Tom Wheeler switched sides, and he is making darn sure that the industries he previously represented know it.
Wheeler became chairman of the Federal Communications Commission (FCC) in November 2013. He was president/CEO of the National Cable Television Association (NCTA) from 1979 to 1984, and from 1992 to 2004, he was president/CEO of CTIA — The Wireless Association.
In September, he attended CTIA’s Super Mobility Week, where he announced on stage, “Today I have a new client, the American people.” He promised to “aggressively represent the best interests of my client.”
He has incurred the ire of the cable and wireless industries, taking strong anti-industry stances on issues of carrier competition, network neutrality, broadcast-spectrum incentive auctions, and Net neutrality.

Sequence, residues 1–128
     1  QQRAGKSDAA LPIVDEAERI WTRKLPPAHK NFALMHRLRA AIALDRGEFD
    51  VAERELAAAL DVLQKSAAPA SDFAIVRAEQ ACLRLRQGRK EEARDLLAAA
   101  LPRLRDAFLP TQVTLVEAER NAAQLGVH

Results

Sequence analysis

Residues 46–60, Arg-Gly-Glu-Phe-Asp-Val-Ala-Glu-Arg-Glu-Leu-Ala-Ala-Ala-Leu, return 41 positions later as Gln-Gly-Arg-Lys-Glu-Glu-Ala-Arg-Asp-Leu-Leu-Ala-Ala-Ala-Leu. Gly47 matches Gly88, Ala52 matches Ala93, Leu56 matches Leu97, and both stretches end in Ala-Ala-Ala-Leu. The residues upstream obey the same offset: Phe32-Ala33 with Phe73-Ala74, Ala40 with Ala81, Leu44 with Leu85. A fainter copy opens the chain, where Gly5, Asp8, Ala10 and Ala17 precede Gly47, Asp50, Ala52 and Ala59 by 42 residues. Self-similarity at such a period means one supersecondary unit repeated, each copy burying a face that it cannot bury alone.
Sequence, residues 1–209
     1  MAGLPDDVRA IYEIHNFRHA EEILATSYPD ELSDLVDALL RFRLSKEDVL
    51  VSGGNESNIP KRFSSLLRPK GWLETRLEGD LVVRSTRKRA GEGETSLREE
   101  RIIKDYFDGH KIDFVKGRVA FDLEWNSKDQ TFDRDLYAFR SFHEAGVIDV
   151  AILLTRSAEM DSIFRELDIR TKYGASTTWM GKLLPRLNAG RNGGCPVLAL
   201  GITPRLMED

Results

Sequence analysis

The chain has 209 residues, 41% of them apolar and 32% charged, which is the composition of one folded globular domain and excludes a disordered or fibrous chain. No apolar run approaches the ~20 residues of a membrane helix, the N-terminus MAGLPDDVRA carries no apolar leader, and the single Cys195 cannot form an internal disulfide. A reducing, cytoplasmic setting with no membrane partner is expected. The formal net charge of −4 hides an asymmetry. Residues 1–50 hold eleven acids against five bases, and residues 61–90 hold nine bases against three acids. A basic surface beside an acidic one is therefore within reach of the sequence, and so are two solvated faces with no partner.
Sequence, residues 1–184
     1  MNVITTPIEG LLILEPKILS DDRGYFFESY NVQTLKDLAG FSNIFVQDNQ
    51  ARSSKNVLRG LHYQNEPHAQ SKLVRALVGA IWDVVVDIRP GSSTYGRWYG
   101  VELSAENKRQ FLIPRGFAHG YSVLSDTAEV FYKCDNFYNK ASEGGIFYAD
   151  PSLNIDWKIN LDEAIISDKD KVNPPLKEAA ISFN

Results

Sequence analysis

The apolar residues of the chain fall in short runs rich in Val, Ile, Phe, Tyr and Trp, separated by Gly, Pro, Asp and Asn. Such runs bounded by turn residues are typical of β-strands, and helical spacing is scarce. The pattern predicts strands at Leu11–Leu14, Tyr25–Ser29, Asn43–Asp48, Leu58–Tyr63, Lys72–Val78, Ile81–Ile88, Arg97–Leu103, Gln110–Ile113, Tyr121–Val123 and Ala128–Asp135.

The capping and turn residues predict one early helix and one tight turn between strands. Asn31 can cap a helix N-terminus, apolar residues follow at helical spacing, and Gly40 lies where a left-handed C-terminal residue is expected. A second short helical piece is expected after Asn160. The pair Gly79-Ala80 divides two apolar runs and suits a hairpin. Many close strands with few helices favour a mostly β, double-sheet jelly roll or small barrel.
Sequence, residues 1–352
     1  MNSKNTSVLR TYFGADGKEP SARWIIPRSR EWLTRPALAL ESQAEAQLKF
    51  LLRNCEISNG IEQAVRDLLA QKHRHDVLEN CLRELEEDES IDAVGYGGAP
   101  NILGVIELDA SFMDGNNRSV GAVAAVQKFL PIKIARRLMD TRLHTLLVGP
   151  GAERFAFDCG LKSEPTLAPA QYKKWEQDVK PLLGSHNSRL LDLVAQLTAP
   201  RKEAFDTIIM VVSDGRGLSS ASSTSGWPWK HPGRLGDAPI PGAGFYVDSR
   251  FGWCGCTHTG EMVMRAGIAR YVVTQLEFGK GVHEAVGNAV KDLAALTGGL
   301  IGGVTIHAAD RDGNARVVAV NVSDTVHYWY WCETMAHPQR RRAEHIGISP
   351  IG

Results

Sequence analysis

He said the FCC would “continue to be skeptical of efforts to achieve that scale through the consolidation of major players.” He warned that the “absence of meaningful competition invites government regulation.” He said that “competition doesn’t always ensure openness.” And he has hinted that when the FCC finalizes open-Internet rules, it might not carve out exceptions for the wireless industry as it did in 2010 when it promulgated its first set of rules, which were struck down by a court.
During the next two years, Wheeler’s FCC could change the way carriers go to market, and how consumers use their services.